The poor prognosis of GBM has been attributed to a number of factors, but it is clear that medical comorbidities have a negative effect on survival, possibly by limiting patients’ medical fitness for adjuvant therapy. One of the most common comorbidities in patients with cancer is venous thromboembolism (VTE). Patients with malignant brain tumours are even more prone to develop VTE than those with other cancers [10, 11]. The incidence of thromboembolic events in patients with high grade gliomas is high, reaching up to 30% [12]. VTE risk reaches its peak in perioperative and early postoperative periods [12, 13]. Several risk factors have been studied to explain the development of thrombosis namely: prolonged immobility, old age, limb paresis, etc. However, the exact mechanism of the specifically elevated VTE among patients with GBM is yet to be understood.

VTE seems to occur as a result of errors happening within the coagulation cascade. The new model of coagulation cascade is divided into distinct phases: (1 initiation, (2) amplification, and (3) propagation [14, 15]. Recent advances have implicated Tissue Factor (TF) as primary initiator of the coagulation cascade in vivo. TF activates the factor VII/VIIa complex, which triggers the activation of both factor X and factor IX, which in turn lead to formation of thrombin and ultimately cross-linked fibrin (Figure 1).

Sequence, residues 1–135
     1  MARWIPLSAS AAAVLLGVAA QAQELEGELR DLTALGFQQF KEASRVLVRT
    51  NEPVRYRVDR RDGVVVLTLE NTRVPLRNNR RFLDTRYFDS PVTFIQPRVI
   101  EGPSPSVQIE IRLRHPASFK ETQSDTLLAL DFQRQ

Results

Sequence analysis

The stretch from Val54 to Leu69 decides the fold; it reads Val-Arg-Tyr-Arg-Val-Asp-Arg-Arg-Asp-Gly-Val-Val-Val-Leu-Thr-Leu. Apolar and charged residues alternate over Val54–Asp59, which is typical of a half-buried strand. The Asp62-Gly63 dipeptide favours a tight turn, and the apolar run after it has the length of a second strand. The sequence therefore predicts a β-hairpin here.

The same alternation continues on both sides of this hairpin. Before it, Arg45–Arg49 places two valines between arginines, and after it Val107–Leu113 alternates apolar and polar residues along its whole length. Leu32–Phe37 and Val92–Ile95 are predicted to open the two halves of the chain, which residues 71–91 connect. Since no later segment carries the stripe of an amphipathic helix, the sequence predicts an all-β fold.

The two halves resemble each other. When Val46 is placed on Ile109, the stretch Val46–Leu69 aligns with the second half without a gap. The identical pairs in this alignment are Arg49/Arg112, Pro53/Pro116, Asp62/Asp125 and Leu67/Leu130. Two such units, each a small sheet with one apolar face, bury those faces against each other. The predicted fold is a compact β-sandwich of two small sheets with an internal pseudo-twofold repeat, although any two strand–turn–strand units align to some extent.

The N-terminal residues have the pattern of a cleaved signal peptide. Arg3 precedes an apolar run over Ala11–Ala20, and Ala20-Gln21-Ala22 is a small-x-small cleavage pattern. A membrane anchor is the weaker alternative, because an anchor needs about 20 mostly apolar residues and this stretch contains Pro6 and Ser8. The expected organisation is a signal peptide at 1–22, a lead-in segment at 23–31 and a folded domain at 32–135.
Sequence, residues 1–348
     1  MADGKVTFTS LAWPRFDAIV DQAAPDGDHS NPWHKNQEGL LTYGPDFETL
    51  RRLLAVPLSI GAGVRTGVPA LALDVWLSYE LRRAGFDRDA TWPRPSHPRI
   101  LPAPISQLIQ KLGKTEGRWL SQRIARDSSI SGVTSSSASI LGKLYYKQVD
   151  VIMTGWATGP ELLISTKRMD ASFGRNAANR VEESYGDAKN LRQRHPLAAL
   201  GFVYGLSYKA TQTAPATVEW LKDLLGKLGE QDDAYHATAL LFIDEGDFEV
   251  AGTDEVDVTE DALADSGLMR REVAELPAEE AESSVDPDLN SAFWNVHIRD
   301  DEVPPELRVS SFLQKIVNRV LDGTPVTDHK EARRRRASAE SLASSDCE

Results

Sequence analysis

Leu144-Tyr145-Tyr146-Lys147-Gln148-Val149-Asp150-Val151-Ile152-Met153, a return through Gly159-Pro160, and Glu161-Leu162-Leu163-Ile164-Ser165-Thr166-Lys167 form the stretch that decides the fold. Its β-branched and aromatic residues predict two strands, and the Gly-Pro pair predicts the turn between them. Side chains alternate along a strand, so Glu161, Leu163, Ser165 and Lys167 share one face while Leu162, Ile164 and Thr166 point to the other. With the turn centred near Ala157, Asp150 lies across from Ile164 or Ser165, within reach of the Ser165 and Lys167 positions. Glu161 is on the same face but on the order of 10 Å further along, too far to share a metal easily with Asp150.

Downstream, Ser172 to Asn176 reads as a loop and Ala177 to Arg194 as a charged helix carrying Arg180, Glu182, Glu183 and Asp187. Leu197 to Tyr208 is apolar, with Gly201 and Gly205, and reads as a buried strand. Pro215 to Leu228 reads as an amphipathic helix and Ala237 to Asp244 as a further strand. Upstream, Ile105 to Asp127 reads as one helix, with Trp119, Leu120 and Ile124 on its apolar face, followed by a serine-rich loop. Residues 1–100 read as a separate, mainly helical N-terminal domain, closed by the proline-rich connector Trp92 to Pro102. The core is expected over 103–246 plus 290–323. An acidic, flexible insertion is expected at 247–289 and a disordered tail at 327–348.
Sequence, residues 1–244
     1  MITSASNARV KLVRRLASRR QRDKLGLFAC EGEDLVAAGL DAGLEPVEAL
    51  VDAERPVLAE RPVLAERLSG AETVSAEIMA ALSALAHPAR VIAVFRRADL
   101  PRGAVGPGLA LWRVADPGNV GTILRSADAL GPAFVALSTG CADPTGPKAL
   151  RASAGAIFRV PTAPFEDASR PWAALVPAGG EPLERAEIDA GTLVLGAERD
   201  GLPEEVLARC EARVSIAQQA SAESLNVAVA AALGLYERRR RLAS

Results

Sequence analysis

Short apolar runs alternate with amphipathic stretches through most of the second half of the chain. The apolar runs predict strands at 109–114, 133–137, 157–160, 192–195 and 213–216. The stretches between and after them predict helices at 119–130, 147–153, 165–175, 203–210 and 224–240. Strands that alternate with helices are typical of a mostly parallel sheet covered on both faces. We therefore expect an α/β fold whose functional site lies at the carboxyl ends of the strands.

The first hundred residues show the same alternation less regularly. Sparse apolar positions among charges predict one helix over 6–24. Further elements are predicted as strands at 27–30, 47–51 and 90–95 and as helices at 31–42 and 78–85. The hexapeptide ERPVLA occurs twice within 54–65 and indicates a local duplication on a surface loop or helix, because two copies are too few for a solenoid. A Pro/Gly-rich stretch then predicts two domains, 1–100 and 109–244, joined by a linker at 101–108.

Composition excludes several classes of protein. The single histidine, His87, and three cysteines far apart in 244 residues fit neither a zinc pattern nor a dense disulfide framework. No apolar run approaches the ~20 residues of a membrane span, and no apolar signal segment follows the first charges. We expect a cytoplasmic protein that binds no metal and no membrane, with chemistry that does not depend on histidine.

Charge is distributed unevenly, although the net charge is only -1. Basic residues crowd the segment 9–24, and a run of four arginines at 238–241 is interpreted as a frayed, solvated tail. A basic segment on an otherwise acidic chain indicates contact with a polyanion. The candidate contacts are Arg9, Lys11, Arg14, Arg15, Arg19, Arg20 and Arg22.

Figure 1: showing the different phases of coagulation cascade, which replaced the old extrinsic and intrinsic pathways

A mounting body of evidence suggests a significant role for TF in venous thromboembolism. Increased levels of TF, both circulating and cell associated, have been reported in patients with thromboembolism [16-18]. Moreover, high titers of TF antigen were detected in human deep vein thrombi [19]. Most of the studies linking TF and VTE were on patients with malignancy recognised as being up to seven-fold more likely to develop VTE as compared to normal individuals [20, 21]. Several factors potentially link TF to such increased risk in cancer patients. Of the most important ones are hypercoagulability caused by circulating tumor-cell derived TF micro-particles and possibly the abnormal expression of tissue factor in a variety of cancers [21]. Various laboratory and clinical factors were studied to explain the correlation between glioblastoma and increased incidence of VTE. Of these, IDH-1 status has been suggested to be the most influential. An American group looked into such correlation and found that VTE occurred in 26-30 % of patients with wild-type IDH1 gliomas, but not in patients with mutant IDH1 gliomas (0 %) [22]. This study aims to determine if there is a strong association between IDH-1 status and the risk of VTE in GBMs within a cohort of patients undergoing surgery and whether the tissue factor expression is associated with VTE rates, potentially identifying patients in high or low risk groups and directing stratified prophylactic approaches.